The Global Fund to Fight Aids, Tuberculosis and Malaria yesterday opened its first business forum in Bangkok to encourage more private-sector support in combating the three epidemics.
“The continued and expanded engagement of private contributors is playing a critical role in ensuring the long-term success of the Global Fund and the fight against Aids, tuberculosis and malaria,” said Dr Christoph Benn, director for resource mobilisation and donor relations.
Under the theme “Investing in Asia-Pacific: Public Private Partnerships in Health”, the Global Fund Business Forum, which ends today, is discussing various topics including the role of business in global health and business engagement in sustainable value creation. Panel sessions on public-private partnerships are also being held in various areas.
Key speakers include Lyn Kok, president and chief executive officer of Standard Chartered Bank Thailand; Ken Shibusawa, president of the Japan Centre for International Exchange; Anita Wei, director of communications for Greater China at Becton, Dickinson and Co; and Koichi Kaneda, senior director for corporate communication at Takeda Pharmaceutical.
In Thailand, the Global Fund has been working closely with the Public Health Ministry, the Thailand Business Coalition on HIV & Aids and non-governmental organisations such as Raks Thai on several health programmes such as the campaign for condom use to prevent infection with the human immunodeficiency virus. Other programmes are the Directly Observed Treatment Short-course for TB control and partnerships to reduce malaria in areas affected by conflict or with a high concentration of migrant workers.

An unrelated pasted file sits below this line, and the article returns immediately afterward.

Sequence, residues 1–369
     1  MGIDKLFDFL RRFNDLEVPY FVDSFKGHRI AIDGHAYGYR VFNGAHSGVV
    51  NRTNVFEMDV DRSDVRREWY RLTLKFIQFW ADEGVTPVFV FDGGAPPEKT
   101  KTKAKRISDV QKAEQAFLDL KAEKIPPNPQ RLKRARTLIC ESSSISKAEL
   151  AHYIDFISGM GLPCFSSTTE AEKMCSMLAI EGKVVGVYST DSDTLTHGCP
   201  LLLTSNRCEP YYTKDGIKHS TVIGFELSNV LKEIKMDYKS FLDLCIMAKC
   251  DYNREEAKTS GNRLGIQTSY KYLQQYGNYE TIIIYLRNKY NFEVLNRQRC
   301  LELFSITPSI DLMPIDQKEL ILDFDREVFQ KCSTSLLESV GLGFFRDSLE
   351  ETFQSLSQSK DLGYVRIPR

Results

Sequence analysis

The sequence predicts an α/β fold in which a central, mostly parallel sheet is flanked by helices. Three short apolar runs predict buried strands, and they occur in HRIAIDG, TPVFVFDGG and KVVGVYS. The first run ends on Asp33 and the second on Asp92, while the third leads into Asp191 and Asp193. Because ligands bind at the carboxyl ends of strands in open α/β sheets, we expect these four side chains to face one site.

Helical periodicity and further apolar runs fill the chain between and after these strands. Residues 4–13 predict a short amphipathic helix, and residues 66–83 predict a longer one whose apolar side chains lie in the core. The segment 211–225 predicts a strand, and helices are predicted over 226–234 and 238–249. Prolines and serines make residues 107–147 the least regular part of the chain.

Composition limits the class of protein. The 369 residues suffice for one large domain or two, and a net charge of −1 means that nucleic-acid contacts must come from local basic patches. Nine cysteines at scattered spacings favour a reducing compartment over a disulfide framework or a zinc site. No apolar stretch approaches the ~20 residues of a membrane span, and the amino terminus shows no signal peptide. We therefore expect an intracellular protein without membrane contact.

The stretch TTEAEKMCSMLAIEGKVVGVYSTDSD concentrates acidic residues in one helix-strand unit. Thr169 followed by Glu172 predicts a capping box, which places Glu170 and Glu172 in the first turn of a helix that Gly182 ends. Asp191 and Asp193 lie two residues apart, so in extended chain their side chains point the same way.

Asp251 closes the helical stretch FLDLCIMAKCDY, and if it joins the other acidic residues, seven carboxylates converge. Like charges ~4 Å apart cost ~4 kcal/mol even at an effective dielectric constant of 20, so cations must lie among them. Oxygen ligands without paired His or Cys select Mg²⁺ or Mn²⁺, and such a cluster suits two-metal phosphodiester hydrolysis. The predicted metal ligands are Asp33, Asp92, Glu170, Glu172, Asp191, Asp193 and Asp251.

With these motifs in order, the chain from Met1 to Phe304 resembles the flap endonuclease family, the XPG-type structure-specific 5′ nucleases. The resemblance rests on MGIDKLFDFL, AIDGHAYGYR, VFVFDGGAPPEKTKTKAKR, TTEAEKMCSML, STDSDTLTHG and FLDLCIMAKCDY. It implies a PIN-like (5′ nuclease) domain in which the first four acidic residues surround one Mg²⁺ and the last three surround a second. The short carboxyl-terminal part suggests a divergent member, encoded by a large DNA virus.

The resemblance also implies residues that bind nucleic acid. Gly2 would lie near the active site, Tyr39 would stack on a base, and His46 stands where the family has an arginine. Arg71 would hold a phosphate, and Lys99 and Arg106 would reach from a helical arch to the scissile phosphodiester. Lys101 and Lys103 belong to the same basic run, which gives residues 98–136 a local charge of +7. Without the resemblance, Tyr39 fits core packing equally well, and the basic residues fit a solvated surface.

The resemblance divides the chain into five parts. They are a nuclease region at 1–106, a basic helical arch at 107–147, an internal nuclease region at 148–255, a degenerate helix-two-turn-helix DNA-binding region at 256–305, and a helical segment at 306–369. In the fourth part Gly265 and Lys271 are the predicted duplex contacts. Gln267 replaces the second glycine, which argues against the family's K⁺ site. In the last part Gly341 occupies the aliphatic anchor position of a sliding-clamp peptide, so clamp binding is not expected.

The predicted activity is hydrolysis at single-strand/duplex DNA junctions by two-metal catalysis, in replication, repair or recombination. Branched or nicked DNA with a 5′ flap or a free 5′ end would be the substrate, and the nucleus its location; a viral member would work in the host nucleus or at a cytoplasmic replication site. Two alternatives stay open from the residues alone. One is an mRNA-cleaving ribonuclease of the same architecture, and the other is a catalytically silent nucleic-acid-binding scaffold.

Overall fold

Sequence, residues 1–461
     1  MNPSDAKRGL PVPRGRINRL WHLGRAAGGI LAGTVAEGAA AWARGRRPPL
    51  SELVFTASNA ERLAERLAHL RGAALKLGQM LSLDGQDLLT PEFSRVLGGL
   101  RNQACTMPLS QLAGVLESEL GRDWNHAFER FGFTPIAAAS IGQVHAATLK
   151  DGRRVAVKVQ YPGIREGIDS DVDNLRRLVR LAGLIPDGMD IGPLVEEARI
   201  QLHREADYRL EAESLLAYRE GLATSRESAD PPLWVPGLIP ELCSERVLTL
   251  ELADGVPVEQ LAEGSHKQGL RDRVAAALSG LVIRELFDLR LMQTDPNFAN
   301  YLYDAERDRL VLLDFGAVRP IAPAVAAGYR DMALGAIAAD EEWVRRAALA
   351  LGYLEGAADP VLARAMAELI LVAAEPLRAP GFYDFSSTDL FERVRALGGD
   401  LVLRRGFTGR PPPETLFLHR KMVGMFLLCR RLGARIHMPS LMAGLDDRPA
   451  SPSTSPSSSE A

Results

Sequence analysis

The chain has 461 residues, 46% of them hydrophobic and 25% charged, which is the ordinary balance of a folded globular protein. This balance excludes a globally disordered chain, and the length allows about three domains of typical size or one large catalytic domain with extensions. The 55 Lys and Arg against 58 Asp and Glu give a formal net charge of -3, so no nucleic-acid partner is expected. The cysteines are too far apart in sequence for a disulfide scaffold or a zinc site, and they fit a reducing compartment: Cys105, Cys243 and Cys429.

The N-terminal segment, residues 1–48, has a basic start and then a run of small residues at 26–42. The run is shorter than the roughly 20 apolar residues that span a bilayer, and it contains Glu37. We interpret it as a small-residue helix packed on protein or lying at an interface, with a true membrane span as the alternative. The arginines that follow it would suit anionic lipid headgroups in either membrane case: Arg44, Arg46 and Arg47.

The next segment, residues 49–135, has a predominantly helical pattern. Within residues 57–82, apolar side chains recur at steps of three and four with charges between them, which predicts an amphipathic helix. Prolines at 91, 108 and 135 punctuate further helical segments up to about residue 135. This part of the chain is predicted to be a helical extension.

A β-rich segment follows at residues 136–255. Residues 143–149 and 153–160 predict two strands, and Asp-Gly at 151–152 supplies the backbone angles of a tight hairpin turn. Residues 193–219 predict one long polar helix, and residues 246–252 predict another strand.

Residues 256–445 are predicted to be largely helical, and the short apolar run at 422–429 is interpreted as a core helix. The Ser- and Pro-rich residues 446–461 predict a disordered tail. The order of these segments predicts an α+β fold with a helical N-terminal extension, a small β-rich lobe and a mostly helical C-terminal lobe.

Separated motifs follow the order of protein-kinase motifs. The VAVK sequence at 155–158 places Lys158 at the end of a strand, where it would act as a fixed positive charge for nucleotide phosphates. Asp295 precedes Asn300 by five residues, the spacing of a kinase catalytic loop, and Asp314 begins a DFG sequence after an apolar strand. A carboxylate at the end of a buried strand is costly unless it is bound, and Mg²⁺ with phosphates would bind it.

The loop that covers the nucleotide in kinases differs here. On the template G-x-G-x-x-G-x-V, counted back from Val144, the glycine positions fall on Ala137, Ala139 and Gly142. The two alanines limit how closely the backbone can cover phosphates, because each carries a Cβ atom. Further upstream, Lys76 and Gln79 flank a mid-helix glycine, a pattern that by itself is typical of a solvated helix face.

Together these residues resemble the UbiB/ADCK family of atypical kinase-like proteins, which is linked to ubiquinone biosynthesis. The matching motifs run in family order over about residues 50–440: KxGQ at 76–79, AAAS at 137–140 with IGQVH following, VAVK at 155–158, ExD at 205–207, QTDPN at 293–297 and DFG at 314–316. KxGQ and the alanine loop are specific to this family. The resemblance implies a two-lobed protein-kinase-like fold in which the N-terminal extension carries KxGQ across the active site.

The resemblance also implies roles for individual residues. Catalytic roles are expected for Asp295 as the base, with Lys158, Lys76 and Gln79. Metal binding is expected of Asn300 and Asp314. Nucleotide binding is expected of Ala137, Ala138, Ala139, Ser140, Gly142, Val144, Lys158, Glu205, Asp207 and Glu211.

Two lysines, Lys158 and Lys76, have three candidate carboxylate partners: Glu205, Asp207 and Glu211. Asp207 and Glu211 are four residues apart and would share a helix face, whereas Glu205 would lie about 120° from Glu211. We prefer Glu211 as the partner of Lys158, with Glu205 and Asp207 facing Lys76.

Anthony Pramualratana, executive director of the Thailand Business Coalition on Aids, said Aids, TB and malaria were among the top three neglected diseases that seriously affect people’s quality of life.
“What makes it worse is that the public is mostly not aware of these diseases and does not know how to tackle them. Every year, these diseases have taken many lives and caused huge economic losses to the country.”
According to the Public Health Ministry’s latest report, HIV patients total 1.15 million with about 10,000 new cases reported last year.
TB remains a problem, as Thailand is still one of the world’s top 22 countries with the highest disease burden, according to the World Health Organisation. Worst, the success rate for TB treatment is 74 per cent, well below the WHO’s 85-per-cent standard.
For malaria, 4,381 new cases were reported during the first five months this year, which is large although lower than in the same period last year.
“The situation remains critical in Thailand. We need to tackle this issue now if we need to have quality human resources. Together we can create a strong impact, and the Global Fund is committed to be the centre for mobilising the required resources and providing support to health development programmes,” he said.